We will be losing capabilities if what we end up with is large bloated defense companies that have no innovative technologies. Just spiffy powerpoints.
The small companies are now where the technical skills reside.

A key point in the report says: “The Defense Department would not want to see its industrial base experience what has happened in some other sectors of the economy: poor risk management, unnecessary leverage, and excessively short-term behavior at the expense of long-term health.” Gee, now who’s fault would that be? A Pentagon that encourages mismanagement and inefficiency fron defense contractors? Maybe paying for a monopoly premium price of 20 to 50 percent is better than our current free-market “competition” prices which double and triple over the life of the program?

I’d like to hear some discussion about whether we should just nationalize all the R&D capability in our national research labs. As weapons development nears completion, we invite the “defense contractors” in to get the specs right so they can make post-prototype models for bidding for manufacturing production. They’ve made a disaster of R&D in every program they touch up to now.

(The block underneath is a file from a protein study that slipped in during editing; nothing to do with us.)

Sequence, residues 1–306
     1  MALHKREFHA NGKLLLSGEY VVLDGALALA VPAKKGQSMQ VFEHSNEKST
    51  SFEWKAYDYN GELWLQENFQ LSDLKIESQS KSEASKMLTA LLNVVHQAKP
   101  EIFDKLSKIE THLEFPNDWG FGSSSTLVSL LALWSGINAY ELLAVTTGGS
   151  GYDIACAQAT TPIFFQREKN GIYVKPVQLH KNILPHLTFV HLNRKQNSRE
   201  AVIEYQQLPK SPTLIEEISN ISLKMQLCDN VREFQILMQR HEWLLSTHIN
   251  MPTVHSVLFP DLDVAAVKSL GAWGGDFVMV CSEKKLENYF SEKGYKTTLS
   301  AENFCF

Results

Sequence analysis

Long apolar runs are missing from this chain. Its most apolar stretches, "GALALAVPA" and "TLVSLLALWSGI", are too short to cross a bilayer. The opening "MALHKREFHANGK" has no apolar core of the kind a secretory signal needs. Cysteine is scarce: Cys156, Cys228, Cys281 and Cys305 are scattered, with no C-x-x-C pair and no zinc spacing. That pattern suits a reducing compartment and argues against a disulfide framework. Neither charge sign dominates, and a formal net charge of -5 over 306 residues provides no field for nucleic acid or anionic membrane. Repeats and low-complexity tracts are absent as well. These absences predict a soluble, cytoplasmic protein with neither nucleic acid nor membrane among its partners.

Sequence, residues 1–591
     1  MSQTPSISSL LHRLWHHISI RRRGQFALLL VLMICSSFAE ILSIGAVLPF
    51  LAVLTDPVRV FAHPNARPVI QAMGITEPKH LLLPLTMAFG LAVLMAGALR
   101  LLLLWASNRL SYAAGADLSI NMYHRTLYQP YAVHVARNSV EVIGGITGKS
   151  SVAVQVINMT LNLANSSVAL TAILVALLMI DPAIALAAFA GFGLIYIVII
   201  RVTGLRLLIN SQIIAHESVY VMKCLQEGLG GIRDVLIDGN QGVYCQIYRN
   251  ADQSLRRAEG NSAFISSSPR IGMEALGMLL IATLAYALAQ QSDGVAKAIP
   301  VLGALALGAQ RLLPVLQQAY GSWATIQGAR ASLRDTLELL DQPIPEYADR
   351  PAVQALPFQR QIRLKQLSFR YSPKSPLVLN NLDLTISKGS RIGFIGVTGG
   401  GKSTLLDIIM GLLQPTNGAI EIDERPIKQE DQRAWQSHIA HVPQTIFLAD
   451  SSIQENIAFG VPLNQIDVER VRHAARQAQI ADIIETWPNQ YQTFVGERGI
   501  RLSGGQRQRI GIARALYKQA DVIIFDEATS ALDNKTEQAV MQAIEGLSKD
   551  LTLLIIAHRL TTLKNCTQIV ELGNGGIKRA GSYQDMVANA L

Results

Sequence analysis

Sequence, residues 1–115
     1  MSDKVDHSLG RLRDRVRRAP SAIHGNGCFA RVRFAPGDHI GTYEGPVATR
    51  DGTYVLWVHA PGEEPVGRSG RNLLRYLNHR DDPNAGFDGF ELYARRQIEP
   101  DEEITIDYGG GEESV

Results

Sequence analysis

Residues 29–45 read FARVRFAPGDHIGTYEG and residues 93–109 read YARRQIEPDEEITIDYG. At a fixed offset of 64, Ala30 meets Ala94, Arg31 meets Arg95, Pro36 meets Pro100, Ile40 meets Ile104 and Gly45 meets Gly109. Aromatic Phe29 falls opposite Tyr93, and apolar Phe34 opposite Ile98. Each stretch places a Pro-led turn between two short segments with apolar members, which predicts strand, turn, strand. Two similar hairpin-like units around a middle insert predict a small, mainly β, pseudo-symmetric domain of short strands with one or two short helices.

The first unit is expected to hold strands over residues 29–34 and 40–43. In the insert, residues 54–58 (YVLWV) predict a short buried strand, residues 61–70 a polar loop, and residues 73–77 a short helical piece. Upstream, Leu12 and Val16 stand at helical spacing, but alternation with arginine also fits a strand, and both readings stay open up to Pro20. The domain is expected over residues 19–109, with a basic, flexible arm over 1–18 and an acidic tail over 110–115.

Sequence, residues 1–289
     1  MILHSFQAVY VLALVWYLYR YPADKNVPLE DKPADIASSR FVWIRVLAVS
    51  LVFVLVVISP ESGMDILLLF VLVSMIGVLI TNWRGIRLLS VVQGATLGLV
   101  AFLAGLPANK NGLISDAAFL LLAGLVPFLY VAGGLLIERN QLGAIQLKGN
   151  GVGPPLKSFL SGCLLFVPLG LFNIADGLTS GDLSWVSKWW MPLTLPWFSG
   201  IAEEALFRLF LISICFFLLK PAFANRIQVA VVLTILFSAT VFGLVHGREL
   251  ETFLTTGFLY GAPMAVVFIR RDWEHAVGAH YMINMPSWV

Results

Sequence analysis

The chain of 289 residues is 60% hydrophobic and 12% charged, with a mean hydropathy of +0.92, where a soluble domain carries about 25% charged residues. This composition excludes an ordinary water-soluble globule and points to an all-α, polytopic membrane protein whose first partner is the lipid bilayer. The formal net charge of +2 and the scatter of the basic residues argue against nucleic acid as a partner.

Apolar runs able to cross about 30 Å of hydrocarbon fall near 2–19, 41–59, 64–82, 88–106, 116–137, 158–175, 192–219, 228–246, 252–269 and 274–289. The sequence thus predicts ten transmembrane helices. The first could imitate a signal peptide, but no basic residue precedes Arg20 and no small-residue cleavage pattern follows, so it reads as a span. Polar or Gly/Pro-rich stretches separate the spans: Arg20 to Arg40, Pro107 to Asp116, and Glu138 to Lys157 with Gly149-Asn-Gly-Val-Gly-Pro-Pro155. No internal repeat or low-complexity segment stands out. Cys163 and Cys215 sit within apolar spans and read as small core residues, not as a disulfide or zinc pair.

Our defense contractors themselves have already destroyed our defense industry. They eliminated the position of weapon designer 20 years ago or more. Instead they have nameless, faceless committees of bureaucrats do systems engineering trade studies. After all, anyone can design a new jet fighter. Just look at that piece of crap Boeing entered in the JSF competition, not that the “winner” was much better. There’s no benefit to having someone who knows what they’re doing design the weapon, because to the mo rons at the DoD who evaluate the proposals, a lie is just as good as the truth. In fact, it is often better. The defense contractor facilities are nothing but hollowed out shells of buildings that once housed a huge amount of industrial might. Today these buildings are nothing but glorified parts storage bins. They can’t make anything, but they can sure bolt together the stuff that comes from overseas contractors. When it comes to our military might, America is a giant country with an empty sack.